In 1914, its famous canal brought the attention of the world to this country. One of the most difficult engineering works to be undertaken anywhere in the world, its 77 kilometres connected the Pacific and Atlantic Oceans. For the first time ships could avoid the lengthy and hazardous route via Cape Horn, connecting the USA to countries in the Pacific region and fully integrating it into the world economy.
For the uninitiated this may seem like mere trivia, but the Panama Canal, with its proximity to Panama City, offers travellers a number of opportunities to explore the vast, manmade Gatún Lake, that, thanks to a series of locks, is 26 metres above sea level. The size of the locks themselves is awe-inspiring, but plenty of operators offer eco-tours that sail around the lake stopping at places like Monkey Island, with its sloths, toucans and, of course, capuchin and howler monkeys.
But it’s time to discover the rest of this Central American nation, with its Spanish ruins, fantastic surf breaks and salsa rhythms. It has eye-popping, often remote islands, like the pristine Guna Yala archipelago, where almost all of the residents on the 49 inhabited islands (there are 378 in all) are Guna Indians and facilities for travellers are basic. More popular is Coiba Island, off the Pacific Coast, where ancient forests are home to a number of endemic species. The island, the largest in Central America, is also a UNESCO World Heritage site.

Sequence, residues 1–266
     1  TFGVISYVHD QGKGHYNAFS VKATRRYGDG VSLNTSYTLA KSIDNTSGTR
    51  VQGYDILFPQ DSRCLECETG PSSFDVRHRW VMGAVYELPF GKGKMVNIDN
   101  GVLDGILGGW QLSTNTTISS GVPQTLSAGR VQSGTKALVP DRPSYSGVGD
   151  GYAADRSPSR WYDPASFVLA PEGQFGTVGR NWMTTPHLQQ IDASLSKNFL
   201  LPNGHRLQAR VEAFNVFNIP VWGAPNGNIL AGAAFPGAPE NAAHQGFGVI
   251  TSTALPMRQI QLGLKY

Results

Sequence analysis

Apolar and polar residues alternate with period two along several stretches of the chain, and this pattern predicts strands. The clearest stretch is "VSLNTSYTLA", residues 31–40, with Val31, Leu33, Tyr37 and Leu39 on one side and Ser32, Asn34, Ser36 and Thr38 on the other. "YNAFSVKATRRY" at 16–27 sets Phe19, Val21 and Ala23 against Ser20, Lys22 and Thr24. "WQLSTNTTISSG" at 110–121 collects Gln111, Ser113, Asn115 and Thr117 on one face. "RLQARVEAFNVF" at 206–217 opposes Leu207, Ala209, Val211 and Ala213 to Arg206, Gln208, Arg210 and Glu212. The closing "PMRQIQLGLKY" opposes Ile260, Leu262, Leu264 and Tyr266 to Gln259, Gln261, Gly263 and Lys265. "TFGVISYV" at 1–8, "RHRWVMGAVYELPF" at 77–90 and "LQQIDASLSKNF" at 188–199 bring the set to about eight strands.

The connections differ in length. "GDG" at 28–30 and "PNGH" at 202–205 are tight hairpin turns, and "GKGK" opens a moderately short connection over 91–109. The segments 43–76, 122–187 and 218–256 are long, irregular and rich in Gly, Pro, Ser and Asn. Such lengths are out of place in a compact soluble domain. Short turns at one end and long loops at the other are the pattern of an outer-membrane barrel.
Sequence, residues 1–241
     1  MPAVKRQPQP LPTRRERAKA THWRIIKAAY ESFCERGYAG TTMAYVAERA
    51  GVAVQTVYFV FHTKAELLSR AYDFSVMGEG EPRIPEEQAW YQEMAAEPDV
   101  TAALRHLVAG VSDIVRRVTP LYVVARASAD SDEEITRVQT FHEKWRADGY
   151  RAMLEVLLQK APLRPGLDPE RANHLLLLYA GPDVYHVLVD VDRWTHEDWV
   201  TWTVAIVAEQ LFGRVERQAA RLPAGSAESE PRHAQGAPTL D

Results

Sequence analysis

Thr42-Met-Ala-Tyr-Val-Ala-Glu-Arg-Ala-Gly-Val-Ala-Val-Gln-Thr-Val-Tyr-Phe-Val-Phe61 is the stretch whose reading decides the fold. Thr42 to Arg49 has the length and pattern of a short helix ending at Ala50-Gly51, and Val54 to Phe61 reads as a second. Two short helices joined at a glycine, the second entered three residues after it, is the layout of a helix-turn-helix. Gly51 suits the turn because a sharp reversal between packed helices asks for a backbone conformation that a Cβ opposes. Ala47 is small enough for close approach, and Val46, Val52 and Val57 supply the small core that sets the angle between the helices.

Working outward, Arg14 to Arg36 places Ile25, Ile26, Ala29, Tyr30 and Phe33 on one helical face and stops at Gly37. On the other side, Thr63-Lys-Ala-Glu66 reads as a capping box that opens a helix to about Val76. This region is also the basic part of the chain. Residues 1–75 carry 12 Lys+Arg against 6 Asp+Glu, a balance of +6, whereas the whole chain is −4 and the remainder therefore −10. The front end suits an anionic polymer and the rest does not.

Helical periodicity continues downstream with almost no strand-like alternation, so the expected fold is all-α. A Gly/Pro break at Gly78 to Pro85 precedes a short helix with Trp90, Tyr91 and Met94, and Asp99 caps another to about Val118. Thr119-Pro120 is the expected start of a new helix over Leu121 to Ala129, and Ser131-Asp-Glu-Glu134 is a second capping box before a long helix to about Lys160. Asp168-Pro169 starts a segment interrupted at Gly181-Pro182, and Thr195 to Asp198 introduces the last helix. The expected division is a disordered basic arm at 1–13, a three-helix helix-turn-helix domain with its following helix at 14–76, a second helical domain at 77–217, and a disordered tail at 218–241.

For a real back-to-nature experience, travellers head to the Darién Province, in the country’s southeast. It’s the only place where the Pan-American Highway stops, unable to penetrate the dense forest. It takes a bit of planning, but journeys into Darién’s wilderness from either La Palma or Sambú will be rewarded with amazing wildlife experiences and the chance to interact with some of the indigenous communities who live along the river.